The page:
In December 2012, the hospital received international media attention when Catherine, Duchess of Cambridge was admitted, suffering from hyperemesis gravidarum. While the Duchess was staying at the hospital, two DJs from the Australian radio station 2Day FM made a hoax telephone call to the hospital, pretending to be Queen Elizabeth II and Prince Charles.[14] They managed to obtain confidential information about the Duchess and her treatment from a nurse at the hospital. The call was recorded and broadcast after receiving approval from the station management. The hospital apologised, and said that privacy and security protocols would be reviewed.[15] Two days after the broadcast, nurse Jacintha Saldanha, who had worked just over four years at the hospital and had passed on the hoax call to the other nurse in the Duchess's private ward, was found dead. The Metropolitan Police described it as an "unexplained death".[16][17][18] On 14 December, The Guardian reported that it understood that the third of the notes left by Saldanha 'addressed her employers, the hospital, and contained criticism of staff there.' [19]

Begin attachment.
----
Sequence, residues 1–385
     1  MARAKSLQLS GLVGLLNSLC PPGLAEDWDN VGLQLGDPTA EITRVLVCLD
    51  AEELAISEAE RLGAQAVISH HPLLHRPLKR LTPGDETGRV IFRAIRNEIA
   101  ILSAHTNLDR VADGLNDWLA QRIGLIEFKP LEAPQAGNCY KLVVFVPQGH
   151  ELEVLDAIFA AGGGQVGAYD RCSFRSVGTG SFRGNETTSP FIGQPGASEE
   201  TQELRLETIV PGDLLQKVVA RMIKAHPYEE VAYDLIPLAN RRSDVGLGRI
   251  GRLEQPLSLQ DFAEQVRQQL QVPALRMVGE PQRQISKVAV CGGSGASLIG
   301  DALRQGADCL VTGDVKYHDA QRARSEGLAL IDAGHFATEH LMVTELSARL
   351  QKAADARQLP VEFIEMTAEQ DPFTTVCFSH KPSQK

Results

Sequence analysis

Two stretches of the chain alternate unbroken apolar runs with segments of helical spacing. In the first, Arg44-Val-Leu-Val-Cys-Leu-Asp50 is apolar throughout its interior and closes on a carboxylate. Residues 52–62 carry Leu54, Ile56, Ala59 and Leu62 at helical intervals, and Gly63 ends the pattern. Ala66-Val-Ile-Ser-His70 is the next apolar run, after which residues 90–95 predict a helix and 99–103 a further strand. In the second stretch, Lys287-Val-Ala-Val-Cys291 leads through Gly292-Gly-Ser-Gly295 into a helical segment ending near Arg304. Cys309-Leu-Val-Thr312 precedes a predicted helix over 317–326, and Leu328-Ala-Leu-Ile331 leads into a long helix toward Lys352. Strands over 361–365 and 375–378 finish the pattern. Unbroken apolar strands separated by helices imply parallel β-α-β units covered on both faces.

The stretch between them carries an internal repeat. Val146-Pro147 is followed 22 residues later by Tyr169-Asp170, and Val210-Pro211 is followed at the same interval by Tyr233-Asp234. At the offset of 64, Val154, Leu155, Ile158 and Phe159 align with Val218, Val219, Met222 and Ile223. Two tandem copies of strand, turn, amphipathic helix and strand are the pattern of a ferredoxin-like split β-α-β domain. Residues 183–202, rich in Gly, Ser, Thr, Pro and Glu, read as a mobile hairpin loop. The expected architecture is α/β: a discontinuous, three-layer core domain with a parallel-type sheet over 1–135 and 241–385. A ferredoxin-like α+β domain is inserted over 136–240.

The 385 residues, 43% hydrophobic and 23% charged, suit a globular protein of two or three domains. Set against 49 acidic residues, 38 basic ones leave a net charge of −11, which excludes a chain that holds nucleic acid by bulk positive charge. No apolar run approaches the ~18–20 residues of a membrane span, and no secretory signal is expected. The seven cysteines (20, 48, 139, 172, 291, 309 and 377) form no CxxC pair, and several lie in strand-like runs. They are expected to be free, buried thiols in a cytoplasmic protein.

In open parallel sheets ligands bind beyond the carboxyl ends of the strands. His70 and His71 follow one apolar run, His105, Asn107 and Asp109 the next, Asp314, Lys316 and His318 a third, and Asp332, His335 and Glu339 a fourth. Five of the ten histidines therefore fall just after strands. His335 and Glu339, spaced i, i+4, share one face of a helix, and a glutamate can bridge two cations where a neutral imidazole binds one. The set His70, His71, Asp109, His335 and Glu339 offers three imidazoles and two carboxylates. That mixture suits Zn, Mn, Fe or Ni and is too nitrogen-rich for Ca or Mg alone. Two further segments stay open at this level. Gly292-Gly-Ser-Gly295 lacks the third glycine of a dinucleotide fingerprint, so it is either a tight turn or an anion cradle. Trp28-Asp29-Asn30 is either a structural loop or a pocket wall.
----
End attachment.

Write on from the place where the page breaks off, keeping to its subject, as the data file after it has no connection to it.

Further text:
See alsoEdit


  1. ^ Meikle, James (7 December 2012). "King Edward VII hospital – the royal choice". The Guardian. London. Retrieved 11 December 2012.
  2. ^ a b c d "Hospital For Service Officers - New Premises Opened by Queen Mary". Reviews. The Times (51204). London. 16 October 1948. pp. 6.
  3. ^ a b c King Edward VII's Hospital - About us Re-linked 2016-01-29
  4. ^ Cloete, Stuart (1972) A Victorian Son, an autobiography, 1897-1922.
  5. ^ Supermac. Author: D.R. Thorpe. Publisher: Chatto & Windus. Published: 9 September 2010. Retrieved: 1 February 2014.